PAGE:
If Lucifer himself wasn't responsible for maintaining such inherently evil statistics then the on-ice officials sure need an optometrist. I was already skeptical of the unholiness that was Marcus Johansson swallowing his pride and selling his soul in teaming up with someone who cost him millions of dollars in free agency with an elbow from hell, never mind the least inconspicuous scumbag in hockey getting away with another cheap shot in ending up the hate-fueled hero in a win over the Devils. I don't know that Brad Marchand is the actual Prince Of Darkness, but I do know that letting him leave the building without even attempting an exorcism was about as safe as his style of play, with just about every aspect of the night pointing to him as the antichrist arisen.
Secret's Out: After Being Sidelined For Two Months, Taylor Hall Underwent Successful Knee Surgery Earlier This Week
First and foremost, I would be remiss not to say that I'm very happy to hear that Taylor Hall is still alive, never mind recovering from a successful knee surgery. Considering the suspiciously vague way in which the organization has spoken about the status of the league's reigning MVP (or, more accurately, been shameless in their refusal to) the last few months, I was half expecting to next see him starring as the dearly departed host in a Weekend At Bernie's-inspired intermission skit. In that sense, I was absolutely ecstatic upon finding out that that all he needed was to go under the knife after two full months out of the lineup. Talk about managing expectations!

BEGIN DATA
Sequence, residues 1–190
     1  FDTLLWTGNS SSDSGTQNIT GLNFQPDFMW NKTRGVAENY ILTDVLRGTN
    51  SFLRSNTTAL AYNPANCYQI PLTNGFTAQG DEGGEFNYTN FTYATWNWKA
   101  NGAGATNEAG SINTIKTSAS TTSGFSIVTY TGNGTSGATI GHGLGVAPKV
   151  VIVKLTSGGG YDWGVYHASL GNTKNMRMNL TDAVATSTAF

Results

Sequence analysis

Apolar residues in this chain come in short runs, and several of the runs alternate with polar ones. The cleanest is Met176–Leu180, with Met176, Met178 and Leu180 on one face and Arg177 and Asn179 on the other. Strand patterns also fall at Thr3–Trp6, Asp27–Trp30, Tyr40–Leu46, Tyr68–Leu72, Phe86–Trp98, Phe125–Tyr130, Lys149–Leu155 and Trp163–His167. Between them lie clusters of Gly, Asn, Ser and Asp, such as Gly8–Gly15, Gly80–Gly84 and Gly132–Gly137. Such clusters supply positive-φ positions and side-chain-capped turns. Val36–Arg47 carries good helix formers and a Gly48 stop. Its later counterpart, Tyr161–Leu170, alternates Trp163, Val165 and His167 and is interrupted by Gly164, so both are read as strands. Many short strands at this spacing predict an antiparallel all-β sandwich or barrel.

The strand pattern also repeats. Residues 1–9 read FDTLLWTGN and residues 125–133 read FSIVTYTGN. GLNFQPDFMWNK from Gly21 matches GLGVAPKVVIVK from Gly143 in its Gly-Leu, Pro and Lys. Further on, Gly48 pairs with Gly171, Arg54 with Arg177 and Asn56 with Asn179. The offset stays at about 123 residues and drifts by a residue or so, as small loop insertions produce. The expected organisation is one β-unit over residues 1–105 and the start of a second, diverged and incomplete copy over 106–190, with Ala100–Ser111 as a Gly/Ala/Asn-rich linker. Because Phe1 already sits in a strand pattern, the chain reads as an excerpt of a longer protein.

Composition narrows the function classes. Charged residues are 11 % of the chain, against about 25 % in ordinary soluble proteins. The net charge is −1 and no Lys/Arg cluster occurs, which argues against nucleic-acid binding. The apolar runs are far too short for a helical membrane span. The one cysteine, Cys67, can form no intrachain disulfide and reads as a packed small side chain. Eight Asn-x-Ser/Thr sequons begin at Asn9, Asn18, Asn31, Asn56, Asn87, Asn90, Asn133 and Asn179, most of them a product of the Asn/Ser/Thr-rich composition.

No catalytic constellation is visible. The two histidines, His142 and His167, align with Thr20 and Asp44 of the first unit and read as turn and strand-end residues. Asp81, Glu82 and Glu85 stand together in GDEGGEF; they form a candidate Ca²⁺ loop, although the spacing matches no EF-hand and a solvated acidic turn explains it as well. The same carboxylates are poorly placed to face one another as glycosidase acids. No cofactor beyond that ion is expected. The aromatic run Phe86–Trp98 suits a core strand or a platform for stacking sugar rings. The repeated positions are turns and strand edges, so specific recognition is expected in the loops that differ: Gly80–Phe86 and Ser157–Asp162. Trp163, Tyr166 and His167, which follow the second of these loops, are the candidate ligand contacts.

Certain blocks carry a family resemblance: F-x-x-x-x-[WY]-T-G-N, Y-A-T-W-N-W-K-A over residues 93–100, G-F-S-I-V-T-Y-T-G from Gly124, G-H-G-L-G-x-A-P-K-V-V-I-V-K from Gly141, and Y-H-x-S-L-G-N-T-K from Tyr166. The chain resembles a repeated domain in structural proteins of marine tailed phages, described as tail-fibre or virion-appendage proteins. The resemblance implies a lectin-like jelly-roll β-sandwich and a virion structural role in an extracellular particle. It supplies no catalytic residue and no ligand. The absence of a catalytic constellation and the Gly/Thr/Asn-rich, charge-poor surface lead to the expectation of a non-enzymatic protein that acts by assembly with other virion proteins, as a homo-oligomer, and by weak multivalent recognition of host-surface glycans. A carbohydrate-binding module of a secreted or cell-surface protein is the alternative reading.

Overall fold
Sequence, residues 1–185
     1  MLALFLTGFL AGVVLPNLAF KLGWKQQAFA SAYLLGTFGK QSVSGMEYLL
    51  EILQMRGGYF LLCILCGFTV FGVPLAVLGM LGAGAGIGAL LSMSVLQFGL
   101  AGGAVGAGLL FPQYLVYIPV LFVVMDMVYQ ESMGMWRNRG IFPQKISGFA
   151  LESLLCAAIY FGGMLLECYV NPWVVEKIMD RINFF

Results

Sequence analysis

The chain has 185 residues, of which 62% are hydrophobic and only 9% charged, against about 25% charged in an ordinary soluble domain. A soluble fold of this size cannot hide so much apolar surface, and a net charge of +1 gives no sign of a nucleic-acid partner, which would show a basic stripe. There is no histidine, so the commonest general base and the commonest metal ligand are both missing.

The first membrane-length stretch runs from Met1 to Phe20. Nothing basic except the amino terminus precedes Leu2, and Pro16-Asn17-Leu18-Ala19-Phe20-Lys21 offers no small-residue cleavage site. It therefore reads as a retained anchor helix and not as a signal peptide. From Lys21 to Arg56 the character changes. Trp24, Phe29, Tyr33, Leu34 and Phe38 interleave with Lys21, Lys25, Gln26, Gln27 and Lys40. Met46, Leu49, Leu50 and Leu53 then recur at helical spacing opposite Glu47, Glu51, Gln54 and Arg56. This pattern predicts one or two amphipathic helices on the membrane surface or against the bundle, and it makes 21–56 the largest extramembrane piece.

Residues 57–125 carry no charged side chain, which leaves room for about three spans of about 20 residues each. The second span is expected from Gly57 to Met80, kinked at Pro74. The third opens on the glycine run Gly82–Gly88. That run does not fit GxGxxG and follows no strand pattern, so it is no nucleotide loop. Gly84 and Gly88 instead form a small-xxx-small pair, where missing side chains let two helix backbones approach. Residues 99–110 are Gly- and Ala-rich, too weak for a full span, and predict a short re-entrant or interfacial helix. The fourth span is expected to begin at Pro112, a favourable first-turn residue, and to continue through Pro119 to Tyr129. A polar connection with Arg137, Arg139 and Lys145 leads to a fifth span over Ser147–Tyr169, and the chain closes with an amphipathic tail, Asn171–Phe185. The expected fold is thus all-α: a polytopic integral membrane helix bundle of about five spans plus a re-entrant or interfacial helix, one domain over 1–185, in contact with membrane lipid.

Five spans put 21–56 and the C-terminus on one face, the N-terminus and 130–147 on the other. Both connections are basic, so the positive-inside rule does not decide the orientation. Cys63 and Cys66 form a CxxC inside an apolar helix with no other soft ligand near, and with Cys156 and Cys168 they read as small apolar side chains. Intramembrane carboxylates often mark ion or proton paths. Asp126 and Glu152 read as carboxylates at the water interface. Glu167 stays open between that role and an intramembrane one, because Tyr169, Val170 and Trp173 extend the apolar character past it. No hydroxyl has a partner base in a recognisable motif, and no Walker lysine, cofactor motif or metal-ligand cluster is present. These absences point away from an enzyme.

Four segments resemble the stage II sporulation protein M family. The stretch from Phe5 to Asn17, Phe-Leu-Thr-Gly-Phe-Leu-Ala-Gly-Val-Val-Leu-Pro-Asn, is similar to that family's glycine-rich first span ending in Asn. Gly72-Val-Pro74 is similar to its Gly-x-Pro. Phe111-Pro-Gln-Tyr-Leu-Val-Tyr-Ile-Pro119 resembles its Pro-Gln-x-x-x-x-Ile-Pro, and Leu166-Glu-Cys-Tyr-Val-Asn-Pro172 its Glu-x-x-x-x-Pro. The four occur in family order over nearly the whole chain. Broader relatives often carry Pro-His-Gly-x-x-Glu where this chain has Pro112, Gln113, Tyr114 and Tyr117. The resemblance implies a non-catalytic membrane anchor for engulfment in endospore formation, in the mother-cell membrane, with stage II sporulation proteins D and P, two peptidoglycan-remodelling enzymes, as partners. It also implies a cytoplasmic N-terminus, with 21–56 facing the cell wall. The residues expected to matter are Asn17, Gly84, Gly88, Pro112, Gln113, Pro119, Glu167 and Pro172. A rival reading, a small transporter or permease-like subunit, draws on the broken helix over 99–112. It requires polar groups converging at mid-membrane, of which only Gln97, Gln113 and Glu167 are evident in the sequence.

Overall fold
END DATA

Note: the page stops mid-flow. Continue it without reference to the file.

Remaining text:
In all seriousness, if I had to diagnose how the Devils have handled the previously inexplicable absence of their best player, I think I'd suggest an organizational lobotomy. Admittedly, I'm short a medical degree, so I'll leave the well-being of the franchise's most important joint in the hands of the professional practitioners. If they thought the smartest course of action was to rehab around surgery until doing so presumably became unrealistic earlier this week then far be it for me to tell them otherwise. However, mum continuing to be the word regarding the whereabouts of a transformational player while a flushed season circled round-and-round the toilet is a step back for an organization that was thought to be decidedly less secretive since being relinquished from the vice grip of the eternally tight lips of Lou Lamoriello.
I'm not even that annoyed by the fact that only now is Taylor Hall actually healing from what ailed him since late December, as - well before this point - I assumed he was going to be done for the remainder of a season that's long been lost regardless. I am annoyed that a franchise that, albeit understandably, has done very little to improve the team over the last year thought the smart play was to treat their frustrated fans like they're stupid.
I just don't understand what was to be gained from leaving everyone lying in wait and wonder about the availability of a superstar who could, if a nightmare were to be realized, have played his last game as a Devil with nothing else to distract them but a whole hell of a lot of piss poor hockey. Disclosure can be a hell of a drug when trust is what you're looking to attain. Ipso facto, leaving those that are already starved for any sort of success also in desperate need of a fix is both a surefire and entirely unnecessary way to make them manic. I still believe in the light at the end of the tunnel, but much less so when the conductors are leaving the paying passengers in the dark for no apparent reason.